Monday, 26 December 2011

Pepper Joins the Family

Last week I spotted a sign free rabbit and hutch. Well we'd been thinking of getting the kids a new pet. I stopped in and checked out the little fellow. His owners were moving and were unable to take him with them. He's 2 and has been spoilt, used to being handled and as friendly as anything.

I arranged to pick Pepper up on Friday. We went to the library and both kids read the books they picked up on how to look after rabbits. We picked Pepper up on Friday and the kids are over the moon about him.


Cuddles and pats

Yum, runner beans


Home. sweet, home

Finished exploring I'm tired

Just relaxing

Tuesday, 13 December 2011

My indigenous garden — familiar but not quite the same

Australia has a lot of very unique plants. But we still have a fair range of those that would seem familar to overseas visitors.

Native forget-me-nots
Some that I have in my garden that occur locally are native forget-me-nots. Believe me the seeds are a thousand times more annoying and sticky than the common garden variety. It is also as tough as anything in a dry garden.

Pelargonium australe
Another family we have a few of in Australia is Pelargoniums. This one is currently flowering in my garden. It's Pelargonium australe Austral stork's bill.

I also have the outrageously bright pink Magenta Stork's Bill Pelargonium rodneyanum but it's not out at present. It is a small rockery plant that survived the 10 year drought here without any added water.

Native jasmine

I've also got the tiny little scrambling local grassland jasmine. It's flowering right now and has a sweet delicate scent rather than the absolutely overpowering heady scent of some jasmines.

Common everlastings
Some of the other things flowering now are the common everlastings.

Clustered everlastings

The clustered everlastings which are taller and have smaller flowers.

Scaevola aemula
Other locals that are well worth having is the Scaevolas (fanflowers). I've both the Scaevola albida and the Scaevola aemula in the garden. The Sceavola aemula is my favourite but the both flower for months in my unwatered indigenous area of the garden. They are also the easiest thing to strike from cuttings as well. I'd recommend this as they need replacing semi-regularly as they are inclined to be a bit shortlived.

Vegetables can have pretty flowers too

I haven't blogged for a while as I'd picked up some paid temporary work and life was just too busy. I'm finished now so I can get back to all the things I was running out of time for. Including getting ready to have 16 over for Christmas Day.

Naughty chickens on the lawn.
My dear husband built my permanent escape proof chook run for me. Did you know leghorns can scale 6 foot fences even with their wings clipped.

 I finally got my summer garden going a month later than I usually would.

scarlet runner beans
Lots of the vegetables and fruit we grow has quite colourful flowers if we look closely. I put these scarlet runner bean in, just for the flowers it is often too warm for them to set beans here. So they are sharing a frame with purple king beans (yet to flower) which are predictably productive here.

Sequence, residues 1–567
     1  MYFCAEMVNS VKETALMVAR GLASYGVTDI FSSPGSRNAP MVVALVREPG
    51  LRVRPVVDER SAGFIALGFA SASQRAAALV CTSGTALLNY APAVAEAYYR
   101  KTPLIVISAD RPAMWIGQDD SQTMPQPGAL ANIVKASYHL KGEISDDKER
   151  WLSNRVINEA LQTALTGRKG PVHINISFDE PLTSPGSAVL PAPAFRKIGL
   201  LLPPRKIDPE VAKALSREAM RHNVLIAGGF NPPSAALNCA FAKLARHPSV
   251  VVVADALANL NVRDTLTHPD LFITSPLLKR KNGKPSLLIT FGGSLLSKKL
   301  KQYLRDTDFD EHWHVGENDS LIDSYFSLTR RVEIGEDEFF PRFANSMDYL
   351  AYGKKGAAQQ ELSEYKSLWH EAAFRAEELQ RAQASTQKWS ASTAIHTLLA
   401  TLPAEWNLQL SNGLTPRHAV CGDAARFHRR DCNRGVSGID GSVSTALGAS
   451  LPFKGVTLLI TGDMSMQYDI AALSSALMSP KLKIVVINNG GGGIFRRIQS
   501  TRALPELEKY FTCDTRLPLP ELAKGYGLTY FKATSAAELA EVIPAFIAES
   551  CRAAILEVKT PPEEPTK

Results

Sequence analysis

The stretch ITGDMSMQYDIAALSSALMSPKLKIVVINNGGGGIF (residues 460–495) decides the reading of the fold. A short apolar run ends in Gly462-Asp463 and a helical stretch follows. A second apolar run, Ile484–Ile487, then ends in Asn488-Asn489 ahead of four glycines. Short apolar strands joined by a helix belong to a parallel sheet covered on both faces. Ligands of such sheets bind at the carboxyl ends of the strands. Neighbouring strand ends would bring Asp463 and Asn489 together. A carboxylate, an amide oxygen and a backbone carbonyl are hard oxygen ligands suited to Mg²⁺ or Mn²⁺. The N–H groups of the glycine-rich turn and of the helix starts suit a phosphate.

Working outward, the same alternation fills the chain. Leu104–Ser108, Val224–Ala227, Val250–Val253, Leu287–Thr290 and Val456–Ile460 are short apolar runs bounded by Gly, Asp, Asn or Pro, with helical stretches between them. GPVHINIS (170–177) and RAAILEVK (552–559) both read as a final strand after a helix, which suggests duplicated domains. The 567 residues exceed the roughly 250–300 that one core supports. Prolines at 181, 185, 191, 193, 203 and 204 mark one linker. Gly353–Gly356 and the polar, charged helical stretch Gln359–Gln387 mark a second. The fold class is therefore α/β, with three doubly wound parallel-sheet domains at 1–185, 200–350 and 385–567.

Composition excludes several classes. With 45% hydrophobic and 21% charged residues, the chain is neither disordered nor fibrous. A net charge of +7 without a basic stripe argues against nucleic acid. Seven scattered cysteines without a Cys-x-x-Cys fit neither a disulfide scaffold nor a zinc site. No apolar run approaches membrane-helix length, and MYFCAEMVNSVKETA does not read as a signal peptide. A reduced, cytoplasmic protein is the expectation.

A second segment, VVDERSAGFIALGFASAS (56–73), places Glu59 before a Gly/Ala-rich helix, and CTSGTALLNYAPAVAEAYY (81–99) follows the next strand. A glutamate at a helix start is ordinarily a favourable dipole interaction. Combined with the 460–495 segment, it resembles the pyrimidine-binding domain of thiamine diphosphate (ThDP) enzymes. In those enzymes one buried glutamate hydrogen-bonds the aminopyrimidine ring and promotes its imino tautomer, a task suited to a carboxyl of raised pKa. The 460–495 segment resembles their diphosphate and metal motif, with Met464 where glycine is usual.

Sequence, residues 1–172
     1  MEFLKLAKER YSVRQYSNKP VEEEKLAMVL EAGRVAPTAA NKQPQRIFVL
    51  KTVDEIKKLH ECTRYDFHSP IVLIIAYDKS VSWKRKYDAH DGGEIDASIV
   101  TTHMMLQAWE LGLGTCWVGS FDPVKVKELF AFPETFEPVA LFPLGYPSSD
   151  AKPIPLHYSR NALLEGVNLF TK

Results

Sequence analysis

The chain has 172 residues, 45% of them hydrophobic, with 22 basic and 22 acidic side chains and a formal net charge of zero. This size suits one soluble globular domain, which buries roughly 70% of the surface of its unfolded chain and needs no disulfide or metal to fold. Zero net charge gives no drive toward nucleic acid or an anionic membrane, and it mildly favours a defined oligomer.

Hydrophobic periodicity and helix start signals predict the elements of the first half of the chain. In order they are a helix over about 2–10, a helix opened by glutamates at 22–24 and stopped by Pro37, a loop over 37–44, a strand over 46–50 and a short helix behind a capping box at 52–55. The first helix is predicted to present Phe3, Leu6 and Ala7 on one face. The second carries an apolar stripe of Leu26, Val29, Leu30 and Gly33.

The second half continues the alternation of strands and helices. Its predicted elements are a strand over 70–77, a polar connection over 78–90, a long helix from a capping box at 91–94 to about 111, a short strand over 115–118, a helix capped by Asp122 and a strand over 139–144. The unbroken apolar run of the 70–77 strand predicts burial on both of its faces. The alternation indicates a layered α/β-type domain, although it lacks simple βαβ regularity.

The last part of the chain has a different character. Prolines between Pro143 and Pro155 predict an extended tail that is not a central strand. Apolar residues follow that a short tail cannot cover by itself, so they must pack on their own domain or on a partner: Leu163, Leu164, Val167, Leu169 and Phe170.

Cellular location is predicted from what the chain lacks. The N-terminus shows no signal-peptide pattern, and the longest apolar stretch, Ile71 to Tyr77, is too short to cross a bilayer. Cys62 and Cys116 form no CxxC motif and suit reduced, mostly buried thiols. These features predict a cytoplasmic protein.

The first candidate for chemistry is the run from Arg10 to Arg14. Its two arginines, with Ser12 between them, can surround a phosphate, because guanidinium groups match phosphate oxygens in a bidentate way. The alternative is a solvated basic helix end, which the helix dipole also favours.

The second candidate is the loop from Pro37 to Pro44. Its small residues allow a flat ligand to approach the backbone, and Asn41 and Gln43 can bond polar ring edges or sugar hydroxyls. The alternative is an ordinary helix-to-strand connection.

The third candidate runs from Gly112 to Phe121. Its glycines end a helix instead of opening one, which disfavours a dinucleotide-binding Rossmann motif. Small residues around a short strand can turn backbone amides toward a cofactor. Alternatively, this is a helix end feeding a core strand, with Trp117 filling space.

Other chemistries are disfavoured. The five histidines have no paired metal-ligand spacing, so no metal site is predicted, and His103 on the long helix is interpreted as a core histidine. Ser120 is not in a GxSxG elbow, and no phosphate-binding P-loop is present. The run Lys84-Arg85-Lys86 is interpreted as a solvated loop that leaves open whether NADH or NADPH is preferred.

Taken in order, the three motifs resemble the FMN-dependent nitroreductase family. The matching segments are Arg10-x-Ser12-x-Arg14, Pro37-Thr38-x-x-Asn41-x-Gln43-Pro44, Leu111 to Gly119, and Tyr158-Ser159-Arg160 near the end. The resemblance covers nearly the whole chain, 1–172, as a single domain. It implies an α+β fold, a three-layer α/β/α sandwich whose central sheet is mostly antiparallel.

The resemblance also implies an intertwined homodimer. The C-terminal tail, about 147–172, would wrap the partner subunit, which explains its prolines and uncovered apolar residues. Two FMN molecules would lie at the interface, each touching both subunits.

Pepino flowers
The pepino flowers are attractive and I find the plants themselves as tough as old boots and productive in dry conditions. They don't however like frosts much.

Purple tomatillo flowers

Another one from the tomato family purple tomatillo. I haven't tried this one before so I be interested how it goes. The flowers are a really bright yellow.

Chinese celery in flower
These aren't as pretty but are often covered in beneficial insects like ladybirds. 

This is Chinese celery. It is much hardier the normal supermarket stem one requiring less water by far. But it is still very useful to produce that celery flavour in soups and other cooked dishes or to slice a little very finely in a salad. It has the added bonus it self sows in my garden.

Black passionfruit
A couple of fruiting plants flowering in the garden at the moment. 

Black passionfruit, this one is a seedling plant on its own roots. The grafted Nelly Kelly's rootstock is a pain as it suckers a fair bit here.


And a pomegranate this bush is just starting to flower now. So tough, with such bright flowers that they should be grown as ornamentals alone.

Tree onion
Not a flower but I still find them fascinating. Tree onions, these little ones can be replanted next year and produce pickling size onions with good flavour and a bit of a bite.

Friday, 23 September 2011

My indigenous garden

Olearia sp Twiggy daisy bush
Just a few photos of what's out at the moment for Jo. This daisy bush is very pretty in flower and a fairly neat grey mound out of flower.

Hibertia serica 

The silky guinea flower is in full bloom at the moment. I love their bright sunny flowers. It is also extremely drought tolerant.

Indigofera australis - Native Indigo

I love this indigo it needs tip pruning as it is a bit straggly but it is forgiven every year when it flowers. Besides not much else tolerates dry shade and looks as pretty.

Tuesday, 20 September 2011

The productive garden

European plum - Coes Golden Drop
It's early spring here so lots of new growth and flowers coming out. Here is one of the European plums. I have two young plum trees last year I had one plum this year they were covered in blossom so I'm hoping for lots more. The rate my kids are eating and growing I need as much as possible.

The garlic is growing much better this year. Last years very wet winter rotted out most of it. This year it looks like will be a good harvest.

Variegated sage
The variegated sage I planted out last year is doing extra well. The spot it's in is hot and dry in the summer but is shade all winter. So far from ideal growing conditions. I love this with pork or chicken. Later in the spring it's covered with pretty purple flowers as well.